The workers of the textile mill lived, worked, and socialized there – it’s got a factory, a housing complex, and things like a library, concert hall, and gym.

I’m pretty sure the tech companies in San Francisco are trying something similar today, although you have to worship at the temple of Google instead of a congregational church.

Modern Art & Culture


But it’s not all old history here. There are also a handful of very cool modern places to see, like the excellent National Media Museum museum in Bradford  – I spent ages there watching the best adverts from around the world – and the Yorkshire Sculpture Park, which is full of quirky pieces of art that seem oddly at home among the gorgeous rolling hills.

(Side note: speaking of television and Yorkshire, check out the police/detective program Happy Valley, which takes place in the region).

Photo credit: YSP/Jonty Wilde (retrieved via the BBC).

Photo credit: YSP/Jonty Wilde (retrieved via the BBC).

Of course, these are the typical things I was taken to as a kid and only now look back on and think, “Oh yeah, that actually WAS very cool.” I’m desperate to go back to the sculpture park – a place I’m fairly certain I whinged about going to as a bratty child. Now, as a 20-something with an inner hipster desperate to be let out, it sounds much more alluring!

Local Pride & Humor


To say that Yorkshire locals are proud of their county is an understatement. Last summer, I got really lucky to be there when there was a special outpouring of regional pride for the Tour de France departing stages, which were held in Yorkshire.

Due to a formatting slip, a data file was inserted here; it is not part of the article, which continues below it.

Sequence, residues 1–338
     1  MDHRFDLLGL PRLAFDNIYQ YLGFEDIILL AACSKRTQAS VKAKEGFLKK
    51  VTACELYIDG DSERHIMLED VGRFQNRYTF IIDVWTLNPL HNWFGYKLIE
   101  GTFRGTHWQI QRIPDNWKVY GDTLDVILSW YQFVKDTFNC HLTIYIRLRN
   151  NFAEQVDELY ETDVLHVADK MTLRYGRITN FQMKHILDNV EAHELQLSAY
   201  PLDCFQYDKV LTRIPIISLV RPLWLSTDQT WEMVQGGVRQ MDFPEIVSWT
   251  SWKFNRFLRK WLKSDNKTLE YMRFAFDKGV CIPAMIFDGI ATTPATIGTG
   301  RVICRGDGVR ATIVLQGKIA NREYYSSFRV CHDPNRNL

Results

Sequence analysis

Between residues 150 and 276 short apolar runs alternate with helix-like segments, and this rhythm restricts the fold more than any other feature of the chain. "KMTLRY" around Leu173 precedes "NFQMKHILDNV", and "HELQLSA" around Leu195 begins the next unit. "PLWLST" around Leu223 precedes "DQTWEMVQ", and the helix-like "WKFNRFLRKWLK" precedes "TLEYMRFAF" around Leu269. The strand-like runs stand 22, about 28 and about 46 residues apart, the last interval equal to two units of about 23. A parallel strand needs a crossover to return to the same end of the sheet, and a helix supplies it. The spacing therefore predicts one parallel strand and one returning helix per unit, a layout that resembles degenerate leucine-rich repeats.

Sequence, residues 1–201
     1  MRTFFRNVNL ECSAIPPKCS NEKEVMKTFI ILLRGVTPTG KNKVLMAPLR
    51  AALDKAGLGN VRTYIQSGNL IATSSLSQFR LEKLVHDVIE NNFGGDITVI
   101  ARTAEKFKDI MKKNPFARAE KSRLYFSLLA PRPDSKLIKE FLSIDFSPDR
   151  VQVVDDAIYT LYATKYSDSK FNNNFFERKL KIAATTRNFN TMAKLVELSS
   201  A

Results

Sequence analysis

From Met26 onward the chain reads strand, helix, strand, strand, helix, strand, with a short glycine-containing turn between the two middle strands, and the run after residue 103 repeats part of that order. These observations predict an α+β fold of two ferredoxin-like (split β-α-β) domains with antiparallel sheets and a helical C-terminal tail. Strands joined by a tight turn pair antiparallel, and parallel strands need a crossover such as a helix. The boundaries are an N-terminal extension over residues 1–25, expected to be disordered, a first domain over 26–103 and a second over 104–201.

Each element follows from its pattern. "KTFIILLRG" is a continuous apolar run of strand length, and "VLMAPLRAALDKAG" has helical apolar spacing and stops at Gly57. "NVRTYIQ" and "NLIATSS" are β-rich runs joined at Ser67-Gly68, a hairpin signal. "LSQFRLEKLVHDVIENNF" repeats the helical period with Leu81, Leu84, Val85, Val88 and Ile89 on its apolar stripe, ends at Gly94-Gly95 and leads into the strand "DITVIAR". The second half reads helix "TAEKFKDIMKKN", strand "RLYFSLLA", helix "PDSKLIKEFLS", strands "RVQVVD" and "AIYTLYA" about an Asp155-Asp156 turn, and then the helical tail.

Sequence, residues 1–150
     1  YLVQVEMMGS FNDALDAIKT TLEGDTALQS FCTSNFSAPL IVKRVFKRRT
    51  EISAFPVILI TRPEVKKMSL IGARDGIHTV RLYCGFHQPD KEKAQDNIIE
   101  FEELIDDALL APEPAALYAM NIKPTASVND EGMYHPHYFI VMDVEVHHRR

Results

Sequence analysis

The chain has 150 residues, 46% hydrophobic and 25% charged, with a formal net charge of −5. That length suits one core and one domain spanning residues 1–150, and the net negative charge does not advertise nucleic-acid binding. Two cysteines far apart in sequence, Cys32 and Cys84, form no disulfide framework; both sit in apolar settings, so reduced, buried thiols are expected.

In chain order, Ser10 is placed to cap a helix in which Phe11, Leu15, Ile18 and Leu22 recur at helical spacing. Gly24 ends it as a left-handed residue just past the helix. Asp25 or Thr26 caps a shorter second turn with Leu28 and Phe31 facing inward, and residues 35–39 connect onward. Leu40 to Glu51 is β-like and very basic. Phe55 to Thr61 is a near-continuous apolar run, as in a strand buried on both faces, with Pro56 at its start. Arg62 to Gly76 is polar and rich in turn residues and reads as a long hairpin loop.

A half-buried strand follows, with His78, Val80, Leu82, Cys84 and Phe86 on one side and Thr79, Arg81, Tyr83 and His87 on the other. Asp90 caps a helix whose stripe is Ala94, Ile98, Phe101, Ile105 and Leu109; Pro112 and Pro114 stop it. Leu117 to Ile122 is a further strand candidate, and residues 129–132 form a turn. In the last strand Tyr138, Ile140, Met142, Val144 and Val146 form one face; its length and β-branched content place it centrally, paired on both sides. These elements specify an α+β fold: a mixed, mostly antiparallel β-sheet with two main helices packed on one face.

It was like the whole place had turned bright golden-yellow (the color of the winning cyclist’s jersey). Everywhere you looked, there were bicycles on display, strings of festive bunting, and even thousands of hand-knitted miniature jumpers. Cake shops and tea rooms had special bike-themed desserts, and the belfry at York was renamed “Le Belfry.”




The Grand Départ went over so well that they’ll be holding their very own Tour de Yorkshire this year, which holds place of pride on the official Yorkshire website. The site, by the way, proudly calls the county  “England’s biggest and most magnificent county.”

They Know Their Tea

OK, everyone who knows me knows that I am a huge tea drinker. It is a sad, sad day if I run out of teabags at a time when the supermarkets are closed. People have suggested I just get put on a permanent tea drip instead of drinking the stuff, as it might be more effective to just pipe it directly to my veins. (Just writing this, I had to go and put the kettle on for another cuppa).

So I’m pretty choosy about my tea. There are only two acceptable brands – one of them being Yorkshire Tea, of course! Every time I go to the U.K., I reserve a spot of honor in my suitcase for a box to take back with me (otherwise it’s the Corte Inglés and their outrageous prices).



Side note: at my last job at a celebrity gossip website, I was very jealous of one of One Direction’s girlfriends. Not because of her lifestyle of glamorous riches…but because she had a sponsorship deal with Yorkshire Tea.

Anyway, I’m not just talking about the drinking kind of tea. Yorkshire also does a rather excellent afternoon tea, complete with lovely little cakes. I especially enjoyed having afternoon tea at Bettys in York, which is a place out of a Downton Abbey fan’s dream. A cream tea while looking out over the views of the Dales in Malham came a close second!



While this little post only covers my own recent travels in Yorkshire, I could have gone on a lot longer – there’s also the huge literary culture, the major cities, the food, and that’s just to mention a handful of things. Yorkshire is definitely one of the best places in England to visit as you can see so much great stuff in quite a small space. I’m already looking forward to my next visit, because, as this silly video says, “If it’s outside Yorkshire, it’s not worth bloody visiting!”


Until next time, Yorkshire!